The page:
Does Canada really have the G7's best record on job creation?
Peter Van Loan, Leader of the Government in the House of Commons, makes a statement on the government's legislative accomplishments on Parliament Hill in Ottawa on Thursday, December 12, 2013. THE CANADIAN PRESS/ Patrick Doyle
Steve Rennie, The Canadian Press
Published Tuesday, January 28, 2014 8:04AM EST
OTTAWA -- Government House Leader Peter Van Loan is using the return of Parliament to boast about the Conservatives' economic track record -- but OECD figures cast a small doubt over his claim that Canada tops the G7 in job creation.
"We have the strongest job-creation record in the G7, with the creation of over one million net new jobs since the recession," he said Monday.
Finance Minister Jim Flaherty also mentioned the million-job figure during the first question period since MPs returned from their winter break.
"Our government is focused on the creation of jobs," he said. "In fact, over one million net new jobs have been created in Canada since July 2009, since the end of the recession."
The million-jobs figure is one the Harper government often mentions when talking up its economic prowess. Same with the claim about leading the G7 in creating jobs.
But are those statements accurate? Yes to the first one and "almost" to the second, depending on how you look at it.
There doesn't seem to be any dispute about the million-jobs figure. When the recession began in October 2008, Statistics Canada figures show that 17,175,100 people had jobs.
That number fell to a low of 16,743,800 in July 2009 before starting to rebound.
The most recent figures from Statistics Canada showed that in December 2013, 17,769,600 people had jobs.
That's an increase of 1,025,800 jobs since the recession's low-point in July 2009.
Using those numbers, Van Loan and Flaherty indeed appear to be correct in saying that more than one million net new jobs have been created since the depth of the recession in July 2009.
"Yes, we've created a million jobs in the country. Pat ourselves on the back," said BMO Capital Markets senior economist Michael Gregory.
"But has Canada done the best in the G7? Possibly. Depends when you make the comparison."
This is where things get a bit tricky. The Canadian Press analyzed Organisation for Economic Co-operation and Development employment data, then ran its findings and methodology by two senior economists, Gregory and Pedro Antunes of the Conference Board of Canada.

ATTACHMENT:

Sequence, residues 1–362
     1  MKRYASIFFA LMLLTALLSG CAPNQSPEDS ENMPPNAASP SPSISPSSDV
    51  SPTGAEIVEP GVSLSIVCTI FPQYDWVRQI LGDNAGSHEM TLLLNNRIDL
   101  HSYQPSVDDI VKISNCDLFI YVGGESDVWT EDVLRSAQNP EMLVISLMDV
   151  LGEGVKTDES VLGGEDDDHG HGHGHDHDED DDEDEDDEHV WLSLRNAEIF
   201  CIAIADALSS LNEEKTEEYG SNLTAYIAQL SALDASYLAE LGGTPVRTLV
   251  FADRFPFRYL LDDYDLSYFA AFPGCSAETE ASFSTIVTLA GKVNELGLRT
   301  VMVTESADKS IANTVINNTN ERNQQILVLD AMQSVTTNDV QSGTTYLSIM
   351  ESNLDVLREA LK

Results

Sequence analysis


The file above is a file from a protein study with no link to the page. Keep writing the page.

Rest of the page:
First, some caveats.
The OECD presents its employment data by quarters, not months. So for the purposes of our comparison, we used the third quarter of 2009 -- the recession's low point -- and compared it to the latest quarter in which all G7 countries reported.
That brings us to our second caveat. The OECD has employment data for the fourth quarter of 2013 from only Canada and the United States. The rest of the G7 only reported up to the third quarter of 2013. So all calculations were done using the 2013 third-quarter data, despite Canada and the U.S. having more recent numbers.
So, which country had the best percentage increase in the number of people working? Germany did.
According to the OECD data, which can be found at http://stats.oecd.org, there were 38,205,190 people working in Germany in the third quarter of 2009. That number grew to 40,499,230 in the third quarter of 2013 -- an increase of six per cent.
Canada came in second, with an increase of 5.81 per cent between the third quarter of 2009 and the third quarter of 2013.
They were followed by the United Kingdom, the United States, France, Japan and Italy.
However, it's possible the government is simply using a different data set or reference points when it claims to be the best job creator in the G7.
"The stats can tell a story one way or another," Antunes said.
"But I think essentially the truth is, we've done relatively well, I think, no matter how you slice it versus most of the OECD or the G7."
Van Loan and Flaherty didn't mention the employment rate, which many economists believe is a better indicator of the health of the labour market than simply the number of jobs created.
That's because the employment rate takes into account the fact that the population is growing in many countries all the time. It measures the proportion of the working age population that actually has a job.
According to the OECD, Canada comes out on top if you look at the employment rate of everyone over the age of 15.
Using that metric, Canada's employment rate was 61.8 per cent in the third quarter of 2013. The United States came in second with an employment rate of 58.6 per cent.
But you get a different picture if you only look at the employment rate of people between the ages of 15 and 64. Many people aim to retire by age 65.
Germany's employment rate for people between 15 and 64 in the third quarter of 2013 was slightly better than Canada's during the same period.
The employment rate for 15-to-64-year-olds in Germany was 73.4 per cent -- good enough to place highest in the G7 -- compared to 72.4 per cent in Canada.
Still, whether Canada is No. 1 or No. 2, the economists agree the country has done well.
"At the end of the day, though, Canada is clearly near the top," Gregory said. "Whether we're No. 1 or not, we can quibble."